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A CurtainUp Review
Eager to Lose
By Tyler Plosia
But soon a narrative begins to form. The emcee is in love with one of the dancers. And that dancer, in turn, is in love with the emcee. Predictable but thoroughly engaging madness ensues.
There's plenty of opportunity for hollering and cat-calling in Eager. ., but there's room for sympathetic cooing as well. Reliable burlesque numbers allow for purely a visceral — and lusty — experience of the play. And then there are dialogue-driven scenes where all of the conversation flows cutely but effectively in rhyming couplets.
The theater tradition doesn't end with the language. The back and forth of the tale of misbegotten lovers — The Emcee, played with endearing aloofness by John Behlmann, and Tansy, the dancer standout played by the serial burlesque dancer known simply as Tansy (she also choreographed the show) — is reminiscent on more than one occasional of Romeo and Juliet. And there's a late scene that revolves around a misplaced champagne glass filled with poison, no accidental reference to Hamlet.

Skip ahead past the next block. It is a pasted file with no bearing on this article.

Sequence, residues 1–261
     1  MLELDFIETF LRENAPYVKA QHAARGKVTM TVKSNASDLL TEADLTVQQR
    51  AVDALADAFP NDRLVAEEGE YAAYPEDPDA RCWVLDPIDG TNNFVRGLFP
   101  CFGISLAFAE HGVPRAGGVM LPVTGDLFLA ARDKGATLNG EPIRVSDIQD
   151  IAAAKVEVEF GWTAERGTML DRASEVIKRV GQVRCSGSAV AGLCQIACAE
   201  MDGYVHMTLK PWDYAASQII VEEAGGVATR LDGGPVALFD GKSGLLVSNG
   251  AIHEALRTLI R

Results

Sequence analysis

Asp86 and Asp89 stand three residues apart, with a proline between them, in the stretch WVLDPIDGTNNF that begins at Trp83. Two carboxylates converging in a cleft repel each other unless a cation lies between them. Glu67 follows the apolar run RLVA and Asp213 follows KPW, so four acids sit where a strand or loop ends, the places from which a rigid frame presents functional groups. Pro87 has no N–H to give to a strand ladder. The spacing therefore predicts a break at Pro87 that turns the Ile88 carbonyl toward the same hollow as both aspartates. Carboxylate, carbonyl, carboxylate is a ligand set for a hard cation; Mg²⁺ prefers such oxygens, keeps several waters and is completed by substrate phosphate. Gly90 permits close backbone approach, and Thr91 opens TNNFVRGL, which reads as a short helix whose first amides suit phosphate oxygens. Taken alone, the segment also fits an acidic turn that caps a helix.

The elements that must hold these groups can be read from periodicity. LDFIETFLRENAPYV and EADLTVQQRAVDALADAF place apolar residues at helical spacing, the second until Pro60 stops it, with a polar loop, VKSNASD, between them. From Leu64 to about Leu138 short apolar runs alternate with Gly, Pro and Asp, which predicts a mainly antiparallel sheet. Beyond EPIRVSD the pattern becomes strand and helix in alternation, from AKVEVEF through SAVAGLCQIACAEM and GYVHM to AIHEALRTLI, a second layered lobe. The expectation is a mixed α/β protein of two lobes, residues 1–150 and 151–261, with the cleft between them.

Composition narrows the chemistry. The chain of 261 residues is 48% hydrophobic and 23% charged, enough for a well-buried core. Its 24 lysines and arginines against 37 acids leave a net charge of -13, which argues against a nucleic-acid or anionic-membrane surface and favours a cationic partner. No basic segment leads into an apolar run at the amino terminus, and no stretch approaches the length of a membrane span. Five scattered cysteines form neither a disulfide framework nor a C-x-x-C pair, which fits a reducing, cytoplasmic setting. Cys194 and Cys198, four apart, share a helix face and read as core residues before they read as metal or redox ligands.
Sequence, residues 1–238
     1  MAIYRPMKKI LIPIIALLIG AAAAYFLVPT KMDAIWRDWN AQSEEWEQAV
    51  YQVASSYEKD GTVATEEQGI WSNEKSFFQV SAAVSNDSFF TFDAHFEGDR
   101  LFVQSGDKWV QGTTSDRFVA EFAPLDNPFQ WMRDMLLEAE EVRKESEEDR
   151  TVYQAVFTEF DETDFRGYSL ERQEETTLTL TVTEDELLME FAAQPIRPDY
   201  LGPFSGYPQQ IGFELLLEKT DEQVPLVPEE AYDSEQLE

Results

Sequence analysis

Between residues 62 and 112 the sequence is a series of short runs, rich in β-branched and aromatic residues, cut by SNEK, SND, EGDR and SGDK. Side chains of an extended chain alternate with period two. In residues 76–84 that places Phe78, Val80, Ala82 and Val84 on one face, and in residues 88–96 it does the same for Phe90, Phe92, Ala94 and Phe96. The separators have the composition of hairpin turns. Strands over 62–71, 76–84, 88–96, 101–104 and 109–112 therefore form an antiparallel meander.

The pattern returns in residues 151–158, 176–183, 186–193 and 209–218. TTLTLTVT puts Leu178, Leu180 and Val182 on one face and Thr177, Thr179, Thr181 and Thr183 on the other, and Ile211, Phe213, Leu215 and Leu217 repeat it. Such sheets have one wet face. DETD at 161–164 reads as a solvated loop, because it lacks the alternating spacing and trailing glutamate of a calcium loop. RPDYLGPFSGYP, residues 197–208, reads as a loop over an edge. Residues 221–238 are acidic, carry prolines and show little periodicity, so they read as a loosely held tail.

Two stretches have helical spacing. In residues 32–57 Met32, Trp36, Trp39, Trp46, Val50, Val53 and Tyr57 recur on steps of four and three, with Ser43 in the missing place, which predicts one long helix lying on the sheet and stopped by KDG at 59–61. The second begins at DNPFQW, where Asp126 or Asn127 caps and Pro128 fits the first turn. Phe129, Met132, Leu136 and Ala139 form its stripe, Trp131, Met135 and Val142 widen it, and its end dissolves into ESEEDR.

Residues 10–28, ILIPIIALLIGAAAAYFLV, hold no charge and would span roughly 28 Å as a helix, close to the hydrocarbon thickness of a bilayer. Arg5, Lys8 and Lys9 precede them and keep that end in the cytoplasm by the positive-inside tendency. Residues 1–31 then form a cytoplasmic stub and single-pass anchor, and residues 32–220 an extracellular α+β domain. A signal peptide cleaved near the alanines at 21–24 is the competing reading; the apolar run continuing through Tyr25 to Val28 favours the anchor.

You don't need to be a theater nerd to follow along, though. The viewer unfamiliar with Shakespeare will have no problem identifying the intentionally farcical plot turns. And of course the seductive, unironic dancing fails to entice absolutely no one.
The real power of Eager to Lose is derived from its ability to be both a clever commentary on the popularity and intrigue of burlesque while at the same time being an entertaining and unapologetic burlesque show. Physicality is prominent throughout: In the hypersexual dancing, the physical comedy and the demonstrative gestures. The language manages to be both tongue-in-cheek and meaningful while moving the story along.
Shepard Fairey, the graffiti artist and designer, has said "there's a way to be The Beatles, to have the smartest guy in the room and the dumbest guy in the room digging what you're doing. Eager to Lose is refreshing evidence that burlesque has the potential to have the smartest and dumbest guy (or girl) in the room drooling over what you're doing.